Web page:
Idol Under the Bed
This article is taken from world Orthodoxy, and surely we are not surprised that this could happen in world Orthodoxy. But let's not get too snug, because we are not immune to this horror ourselves. And Rocor, at least in the past, has been known to ordain some very incompetent priests, who all fortunately went off with the RocorMP union. None of our priests now would have an idol under the bed, but I'm not certain I can say this about all of our laymen converts. The best information about this is Fr. Seraphim Rose's Orthodoxy and the Religion of the Future available at SJKP. -jh
“And the best of intentions may have damaging results if misapplied to the wrong ends, as exchanging the spiritual state for a state of psychotic hysteria is essentially an act of dissipation merely disguised by a religious false front.” – ALEXANDER Turner, first vicar of the Antiochian Western Rite Vicariate
Fr. Thomas Hopko recently answered a question on the Illumined Heart podcast about “the Charismatic sign gifts” like “speaking in tongues”, by which is meant glossalia, “words of prophesy” (divination), etc. Fr. Thomas, in the course of this conversation, referred to a conversation in mid-May with a recent convert from the Charismatic Episcopal Church, who is now the priest and pastor of a new Antiochian Western Rite mission. In the conversation, he asked the new priest “point blank” if he “prays in tongues”. The priest indicated that “I have and I still do, privately for my own edification, but I never do it publicly anymore.”
Folks, the retention of these practices, even in private devotions, is a problem with mass conversions and ordination of new converts not steeped in the Orthodox mind – indeed still steeped in their own practices (even if they’ve simply gone underground). This creates a parachurch culture of the “enlightened” or “spirit filled” who share with each other “words of prophesy” (presuming to give a message from God) and pray in tongues (presumably the speech of God), and even go so far as to attribute these occult practices (for that’s what they are) to Orthodox Fathers, who clearly are not referring to the same things at all.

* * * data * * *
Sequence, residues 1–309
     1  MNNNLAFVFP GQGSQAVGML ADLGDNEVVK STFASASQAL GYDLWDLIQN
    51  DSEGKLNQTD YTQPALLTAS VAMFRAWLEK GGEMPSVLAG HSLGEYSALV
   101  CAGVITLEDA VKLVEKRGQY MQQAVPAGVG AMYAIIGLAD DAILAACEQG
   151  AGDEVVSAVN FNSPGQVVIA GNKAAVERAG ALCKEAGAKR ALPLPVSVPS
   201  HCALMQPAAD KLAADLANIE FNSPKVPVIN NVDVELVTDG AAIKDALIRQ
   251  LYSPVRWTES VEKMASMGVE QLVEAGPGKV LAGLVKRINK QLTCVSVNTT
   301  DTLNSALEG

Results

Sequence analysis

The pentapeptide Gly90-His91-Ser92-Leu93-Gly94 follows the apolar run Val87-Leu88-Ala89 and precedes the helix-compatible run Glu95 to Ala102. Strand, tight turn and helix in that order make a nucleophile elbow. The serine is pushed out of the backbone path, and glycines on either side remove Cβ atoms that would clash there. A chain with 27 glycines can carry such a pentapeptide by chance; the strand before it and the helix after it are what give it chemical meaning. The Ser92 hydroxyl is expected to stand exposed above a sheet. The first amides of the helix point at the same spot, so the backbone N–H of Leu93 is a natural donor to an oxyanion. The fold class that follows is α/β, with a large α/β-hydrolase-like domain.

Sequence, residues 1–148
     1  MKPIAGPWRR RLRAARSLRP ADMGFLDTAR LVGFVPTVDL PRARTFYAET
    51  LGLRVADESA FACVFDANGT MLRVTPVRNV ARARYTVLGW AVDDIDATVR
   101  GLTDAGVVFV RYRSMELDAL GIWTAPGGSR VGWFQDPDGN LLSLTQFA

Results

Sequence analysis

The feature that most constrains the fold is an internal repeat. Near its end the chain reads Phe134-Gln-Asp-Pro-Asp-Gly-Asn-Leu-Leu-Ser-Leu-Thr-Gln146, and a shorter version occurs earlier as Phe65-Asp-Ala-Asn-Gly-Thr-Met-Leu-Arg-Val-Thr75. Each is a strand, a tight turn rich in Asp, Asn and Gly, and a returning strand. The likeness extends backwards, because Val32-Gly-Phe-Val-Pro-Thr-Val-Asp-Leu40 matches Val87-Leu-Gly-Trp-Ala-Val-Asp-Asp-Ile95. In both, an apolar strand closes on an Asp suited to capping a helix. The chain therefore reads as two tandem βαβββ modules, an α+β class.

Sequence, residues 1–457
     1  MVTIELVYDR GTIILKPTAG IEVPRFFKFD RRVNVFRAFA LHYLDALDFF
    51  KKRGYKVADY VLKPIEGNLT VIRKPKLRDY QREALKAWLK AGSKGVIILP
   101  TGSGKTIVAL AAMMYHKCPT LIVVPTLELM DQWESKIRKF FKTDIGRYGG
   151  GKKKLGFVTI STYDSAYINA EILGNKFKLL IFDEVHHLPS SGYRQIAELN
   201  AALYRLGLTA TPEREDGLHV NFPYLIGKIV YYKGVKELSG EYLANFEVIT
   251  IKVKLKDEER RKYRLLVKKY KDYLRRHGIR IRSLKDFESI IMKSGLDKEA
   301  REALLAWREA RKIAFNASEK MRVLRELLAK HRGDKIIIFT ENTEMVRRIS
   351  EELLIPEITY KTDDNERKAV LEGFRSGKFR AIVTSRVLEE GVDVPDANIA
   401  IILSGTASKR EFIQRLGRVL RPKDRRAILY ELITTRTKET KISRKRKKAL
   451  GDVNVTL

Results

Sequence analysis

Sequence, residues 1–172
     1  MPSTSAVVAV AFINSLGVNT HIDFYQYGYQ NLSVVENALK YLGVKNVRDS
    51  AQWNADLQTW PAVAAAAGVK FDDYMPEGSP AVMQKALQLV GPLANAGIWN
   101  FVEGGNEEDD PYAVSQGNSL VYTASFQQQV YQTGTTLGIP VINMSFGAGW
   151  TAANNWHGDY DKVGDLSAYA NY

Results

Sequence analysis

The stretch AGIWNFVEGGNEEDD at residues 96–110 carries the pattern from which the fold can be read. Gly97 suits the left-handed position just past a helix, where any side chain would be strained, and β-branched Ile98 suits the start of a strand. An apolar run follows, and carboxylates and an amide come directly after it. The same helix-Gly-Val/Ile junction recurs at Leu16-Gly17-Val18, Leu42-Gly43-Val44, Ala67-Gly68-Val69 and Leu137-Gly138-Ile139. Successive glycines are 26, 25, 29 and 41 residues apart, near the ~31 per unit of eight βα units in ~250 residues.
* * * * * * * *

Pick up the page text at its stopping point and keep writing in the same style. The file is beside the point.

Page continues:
All of the fathers teach that the kind of clairvoyance attributed to some startzi comes from a long life of Holy Orthodoxy, lived in continual holiness, through the way of the desert and the monastics. There are two kinds of illumination:
1. The kind that comes through the arduous, difficult path of theosis and is given as a gift (charismata) to the most advanced among the saints. This may be called Illumination.
2. The prelest that tempts the immature believer, deluding him, and enticing him into the passions and the arms of the Enemy. Indeed the enemy needn’t steer anyone to brothels who only had decided he is worthy of visions, who surrenders his senses to involuntary utterance and abuse of the tongue, and who presumes to speak prophesy of his own accord. This properly is called Illuminism, which is but the deadly counterfeit.
Retention of these heterodox practices is indication of a sickness at the heart of the catechetical and conversion process. It’s indicative of the belief that one’s own idol has a place under the bed in Israel. Indeed, this is like a wife married from among the Canaanites, who brought with her the family idols and hid them under the tent, and the Lord judged Israel because they were concealed there.
It is not a matter of ‘giving up’ practices long held, but a question of whether or not conversion, and indeed ordination, involves an understanding and attitude that does not allow them to continue – most especially not in private where, concealed, they are not within the scope of the Church’s ability to say Amen, interpret, understand, or reject. As such, it cannot be tested, and both the convert and his Faith are in danger.
The answer that it is merely switched to private devotion misses the point that: when a leader or a group of people indicate to others that they practice such a thing, it lends it legitimacy. When this is not merely the saying of the Western offices, but is a practice actually forbidden in scripture but interpreted by heterodox according to their own private interpretation as being prescribed, this is more serious, and indicates the need to turn from the practices rightly cast away to those of the Orthodox, as converts have from time immemorial. The Witches burned their books. The Jews laid down their persecution. The Charismatics, likewise, to be within the mind of the Church, must not attempt to augment it with their practices which are quite clearly antagonistic to Orthodox piety and a threat to their own salvation. Rather, they must become Orthodox – not Orthodox “charismatics”.